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Lesson 8Public and private CAs
ObjectiveDescribe the difference between public and private CAs.

Public versus. Private Certificate Authorities in ecommerce

In the domain of e-commerce, ensuring secure and encrypted transactions is paramount. This security is often facilitated through the use of digital certificates, issued and validated by Certificate Authorities (CAs). These CAs can be broadly classified into two categories: Public and Private. Diving deep into the operational and functional nuances of each, we can draw discerning distinctions between the two.
  1. Purpose and Scope:
    • Public Certificate Authorities (Public CAs):Public CAs are established entities that issue digital certificates for public-facing web servers and services. They cater to a vast audience and their primary objective is to vouch for the identity of public internet domains and ensure encrypted communications between browsers and servers.
    • Private Certificate Authorities (Private CAs):Private CAs are typically designed for internal organizational use. They issue certificates for internal servers, users, devices, and applications within an enterprise. Their primary aim is to bolster internal trust and provide authentication within the boundaries of an organization.
  2. Trustworthiness and Recognition:
    • Public CAs:Due to their extensive vetting processes and wide reach, certificates issued by established Public CAs are inherently trusted by most web browsers and operating systems. Users visiting e-commerce sites with such certificates are not presented with any security warnings, ensuring smooth user experience.
    • Private CAs:Certificates issued by a Private CA are not recognized by standard web browsers or operating systems by default. Devices or users need to be configured explicitly to trust these certificates. If a general user accesses an e-commerce platform secured by a private CA without the necessary configurations, they'll encounter security warnings.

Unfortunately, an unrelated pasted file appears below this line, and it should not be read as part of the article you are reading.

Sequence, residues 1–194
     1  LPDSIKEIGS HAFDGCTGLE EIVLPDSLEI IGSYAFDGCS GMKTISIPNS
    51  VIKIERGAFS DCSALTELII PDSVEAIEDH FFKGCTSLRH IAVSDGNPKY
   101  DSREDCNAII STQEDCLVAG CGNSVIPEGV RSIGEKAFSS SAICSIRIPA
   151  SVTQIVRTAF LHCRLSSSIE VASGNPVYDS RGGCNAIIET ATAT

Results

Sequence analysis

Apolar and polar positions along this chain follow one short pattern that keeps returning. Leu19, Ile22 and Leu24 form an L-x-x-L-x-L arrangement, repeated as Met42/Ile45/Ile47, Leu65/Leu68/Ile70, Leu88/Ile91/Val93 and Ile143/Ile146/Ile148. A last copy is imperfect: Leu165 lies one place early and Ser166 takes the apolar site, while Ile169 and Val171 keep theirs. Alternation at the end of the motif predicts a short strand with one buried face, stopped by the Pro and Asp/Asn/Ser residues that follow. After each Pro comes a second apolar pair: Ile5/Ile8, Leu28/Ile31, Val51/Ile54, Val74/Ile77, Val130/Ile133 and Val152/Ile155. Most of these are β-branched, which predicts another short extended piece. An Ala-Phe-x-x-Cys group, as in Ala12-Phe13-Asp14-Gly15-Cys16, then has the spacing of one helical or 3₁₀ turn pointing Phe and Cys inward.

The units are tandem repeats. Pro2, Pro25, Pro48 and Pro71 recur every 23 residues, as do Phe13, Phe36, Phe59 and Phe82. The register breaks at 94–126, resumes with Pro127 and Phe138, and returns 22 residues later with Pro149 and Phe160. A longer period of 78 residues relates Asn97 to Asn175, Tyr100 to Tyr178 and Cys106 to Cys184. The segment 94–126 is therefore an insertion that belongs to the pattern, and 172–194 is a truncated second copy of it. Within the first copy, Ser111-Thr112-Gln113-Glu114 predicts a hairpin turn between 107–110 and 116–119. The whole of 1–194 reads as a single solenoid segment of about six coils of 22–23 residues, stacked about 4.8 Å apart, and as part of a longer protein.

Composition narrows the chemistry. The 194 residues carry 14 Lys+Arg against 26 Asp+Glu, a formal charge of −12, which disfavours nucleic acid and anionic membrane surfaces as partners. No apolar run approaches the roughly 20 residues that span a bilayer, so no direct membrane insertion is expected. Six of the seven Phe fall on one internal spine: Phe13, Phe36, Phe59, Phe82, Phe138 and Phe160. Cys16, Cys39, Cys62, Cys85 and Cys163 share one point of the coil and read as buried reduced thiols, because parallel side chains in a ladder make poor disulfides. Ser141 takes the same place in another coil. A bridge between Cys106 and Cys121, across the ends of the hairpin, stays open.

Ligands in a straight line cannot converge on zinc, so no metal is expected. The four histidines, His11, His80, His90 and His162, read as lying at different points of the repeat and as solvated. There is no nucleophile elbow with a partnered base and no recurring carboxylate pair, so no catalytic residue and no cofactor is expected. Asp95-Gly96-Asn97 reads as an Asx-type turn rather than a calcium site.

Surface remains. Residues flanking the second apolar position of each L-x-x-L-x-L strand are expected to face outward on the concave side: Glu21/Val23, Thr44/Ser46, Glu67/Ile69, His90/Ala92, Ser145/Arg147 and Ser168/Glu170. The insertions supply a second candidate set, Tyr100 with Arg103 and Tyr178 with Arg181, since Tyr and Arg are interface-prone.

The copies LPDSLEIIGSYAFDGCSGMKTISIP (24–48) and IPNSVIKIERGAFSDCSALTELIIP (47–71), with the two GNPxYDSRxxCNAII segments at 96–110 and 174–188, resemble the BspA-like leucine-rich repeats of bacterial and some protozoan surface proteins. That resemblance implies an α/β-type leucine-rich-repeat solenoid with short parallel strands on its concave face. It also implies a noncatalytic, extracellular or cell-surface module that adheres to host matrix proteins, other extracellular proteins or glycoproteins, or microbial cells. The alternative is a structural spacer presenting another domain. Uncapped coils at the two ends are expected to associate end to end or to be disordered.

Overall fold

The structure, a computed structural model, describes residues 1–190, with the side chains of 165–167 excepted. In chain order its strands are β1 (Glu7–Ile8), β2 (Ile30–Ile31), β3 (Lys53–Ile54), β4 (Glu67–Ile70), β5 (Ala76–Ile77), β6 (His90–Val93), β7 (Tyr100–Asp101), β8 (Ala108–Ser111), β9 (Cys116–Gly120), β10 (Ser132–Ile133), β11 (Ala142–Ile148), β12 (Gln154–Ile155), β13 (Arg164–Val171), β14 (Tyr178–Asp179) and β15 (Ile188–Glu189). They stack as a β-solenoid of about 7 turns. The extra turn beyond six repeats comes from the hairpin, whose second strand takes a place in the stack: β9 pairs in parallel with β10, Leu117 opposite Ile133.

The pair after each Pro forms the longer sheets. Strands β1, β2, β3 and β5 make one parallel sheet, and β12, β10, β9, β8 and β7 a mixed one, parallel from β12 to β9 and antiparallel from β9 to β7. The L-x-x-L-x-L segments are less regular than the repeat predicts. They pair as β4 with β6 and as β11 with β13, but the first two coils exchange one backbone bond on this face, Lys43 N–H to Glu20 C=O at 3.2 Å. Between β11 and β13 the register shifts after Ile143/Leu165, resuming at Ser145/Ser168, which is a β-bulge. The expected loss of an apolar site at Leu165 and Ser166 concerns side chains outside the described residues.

3. Cost and Investment:
    • Public CAs:Engaging with a Public CA often entails recurring costs. E-commerce platforms have to purchase or renew certificates periodically, and prices can vary based on the type, validation level, and duration of the certificate.
    • Private CAs:While setting up a Private CA entails initial setup and operational costs, organizations have more control over the subsequent costs of issuing individual certificates. It could be more cost-effective in the long run, especially for large organizations that require numerous internal certificates.
  4. Flexibility and Control:
    • Public CAs:Their operational procedures and certificate issuance are standardized and offer limited flexibility. The vetting process, certificate attributes, and lifecycle are mostly predefined.
    • Private CAs:Enterprises have a greater degree of flexibility. They can define their vetting processes, customize certificate attributes, and control the lifecycle of certificates to meet specific organizational needs.
  5. Security and Risk Profile:
    • Public CAs:Given their prominence and the trust placed in them, they are high-value targets for cyber adversaries. A breach can have wide-reaching implications, affecting numerous e-commerce platforms and end-users.
    • Private CAs:The risks are often contained within an organization. While a compromise is concerning, its impact is usually limited to the confines of the enterprise.

Public and Private CAs serve distinct purposes in the realm of e-commerce and digital security. While Public CAs are indispensable for securing public-facing e-commerce platforms and ensuring wide-scale user trust, Private CAs offer organizations flexibility and control over their internal authentication mechanisms. Choosing between the two hinges on understanding the specific needs, risk appetite, and operational scope of the e-commerce entity in question.

You can choose from two different types of CAs to sign your certificates: public and private. VeriSign is the primary example of a public CA. However, you have the opportunity to use your own certificate server. Microsoft Certificate Server and Netscape Certificate Server are just two examples of in-house options.

Public Certificate Server

Using a public certificate server
Benefits Drawbacks
You can demonstrate your identity to the public.
You generally receive insurance coverage when you purchase a digital certificate.
A public digital certificate purchased from a reputable CA instantly increases public trust.
You have to trust the security used by these CAs.
Purchasing a certificate is costly.

Private Certificate Server

Using a private certificate server
Quick start-up: You can create your own key and get up and running right away.
Relatively low cost: Because IIS 4.0 and Certificate Server, for example, are free, you can create your own trust system for no extracost.
You have local control over trust issues; you only have to worry about your own server being compromised.
The chief drawback is that only users in your local intranet will trust your certificate. This will remain the case unless you become part of alarger trust system.

Public and private digital certificates are both useful. A public digital certificate is ideal for an e-commerce setting. A private digital certificate is useful for an intranet setting.
In the next lesson, you will learn more about certificate issues.

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